Dropping to its lowest level since September 2008, the nation's jobless rate fell to 6.3 percent in April.
The U.S. Department of Labor reported that approximately 288,000 non-farm jobs were added to the nation's payrolls last month, much more than the 210,000 that many economists had predicted.
But the news was tempered by the fact that the overall labor force fell sharply as more Americans stayed on the sidelines with the impression that there wasn't a job in their future anytime soon. The nation's labor-force participation rate plummeted to a three-decade low of 62.8 percent.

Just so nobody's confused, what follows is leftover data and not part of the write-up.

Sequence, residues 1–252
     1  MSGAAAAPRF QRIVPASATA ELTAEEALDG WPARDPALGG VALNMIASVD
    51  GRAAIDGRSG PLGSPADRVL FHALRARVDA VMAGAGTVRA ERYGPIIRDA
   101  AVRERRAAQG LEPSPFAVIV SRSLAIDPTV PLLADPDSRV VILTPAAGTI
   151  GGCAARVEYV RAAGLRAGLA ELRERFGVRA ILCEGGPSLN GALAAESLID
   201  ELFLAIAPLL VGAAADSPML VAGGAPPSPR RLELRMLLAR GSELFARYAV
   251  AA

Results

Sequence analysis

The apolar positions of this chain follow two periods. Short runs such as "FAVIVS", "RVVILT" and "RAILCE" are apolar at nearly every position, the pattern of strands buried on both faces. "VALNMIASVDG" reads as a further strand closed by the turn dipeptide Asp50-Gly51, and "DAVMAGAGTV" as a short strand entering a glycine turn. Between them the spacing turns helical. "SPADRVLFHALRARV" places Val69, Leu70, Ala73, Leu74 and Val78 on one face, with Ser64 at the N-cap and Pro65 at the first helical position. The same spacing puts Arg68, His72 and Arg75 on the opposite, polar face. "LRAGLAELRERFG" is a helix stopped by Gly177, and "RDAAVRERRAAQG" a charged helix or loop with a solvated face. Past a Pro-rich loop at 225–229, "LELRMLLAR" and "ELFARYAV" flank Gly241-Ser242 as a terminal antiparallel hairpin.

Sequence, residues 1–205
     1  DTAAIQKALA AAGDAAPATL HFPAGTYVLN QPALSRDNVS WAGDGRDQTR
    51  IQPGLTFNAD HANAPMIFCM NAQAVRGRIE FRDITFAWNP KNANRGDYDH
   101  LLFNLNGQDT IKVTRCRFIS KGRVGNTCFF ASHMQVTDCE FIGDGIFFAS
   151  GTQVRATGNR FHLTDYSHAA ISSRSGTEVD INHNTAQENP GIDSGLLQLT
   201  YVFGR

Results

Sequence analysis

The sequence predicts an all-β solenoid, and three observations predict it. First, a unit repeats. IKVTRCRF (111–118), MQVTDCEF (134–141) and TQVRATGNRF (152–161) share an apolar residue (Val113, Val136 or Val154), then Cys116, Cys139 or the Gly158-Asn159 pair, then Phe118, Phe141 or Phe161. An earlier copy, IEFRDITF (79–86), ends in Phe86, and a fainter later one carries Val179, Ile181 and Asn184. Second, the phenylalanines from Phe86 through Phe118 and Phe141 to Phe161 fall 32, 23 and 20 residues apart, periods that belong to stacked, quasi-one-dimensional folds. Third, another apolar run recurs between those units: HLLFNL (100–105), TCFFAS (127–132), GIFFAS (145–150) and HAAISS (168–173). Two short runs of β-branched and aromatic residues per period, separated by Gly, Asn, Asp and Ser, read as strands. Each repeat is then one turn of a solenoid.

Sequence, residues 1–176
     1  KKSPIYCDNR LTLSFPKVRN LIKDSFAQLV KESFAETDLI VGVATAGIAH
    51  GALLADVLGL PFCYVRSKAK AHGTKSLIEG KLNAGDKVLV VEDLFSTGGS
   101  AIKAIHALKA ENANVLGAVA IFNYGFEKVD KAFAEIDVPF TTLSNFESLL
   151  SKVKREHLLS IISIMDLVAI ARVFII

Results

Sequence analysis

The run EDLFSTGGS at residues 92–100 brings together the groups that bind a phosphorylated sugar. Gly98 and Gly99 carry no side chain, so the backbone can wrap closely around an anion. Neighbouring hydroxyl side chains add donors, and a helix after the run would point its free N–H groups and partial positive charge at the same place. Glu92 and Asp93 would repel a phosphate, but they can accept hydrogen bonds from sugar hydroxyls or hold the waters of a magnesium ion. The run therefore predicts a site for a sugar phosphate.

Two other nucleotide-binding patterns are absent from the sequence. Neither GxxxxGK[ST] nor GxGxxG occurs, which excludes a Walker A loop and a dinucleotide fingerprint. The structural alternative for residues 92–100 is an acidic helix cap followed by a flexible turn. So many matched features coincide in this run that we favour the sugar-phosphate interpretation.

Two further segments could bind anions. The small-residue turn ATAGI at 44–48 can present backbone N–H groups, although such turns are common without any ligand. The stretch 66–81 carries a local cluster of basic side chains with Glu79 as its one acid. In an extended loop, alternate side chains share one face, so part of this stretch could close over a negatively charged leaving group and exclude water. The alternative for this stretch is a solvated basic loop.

Manufacturing gained 12,000 new jobs, construction added 32,000 and professional and technical services added 25,100. The number of government jobs grew 15,000, mostly at the local level.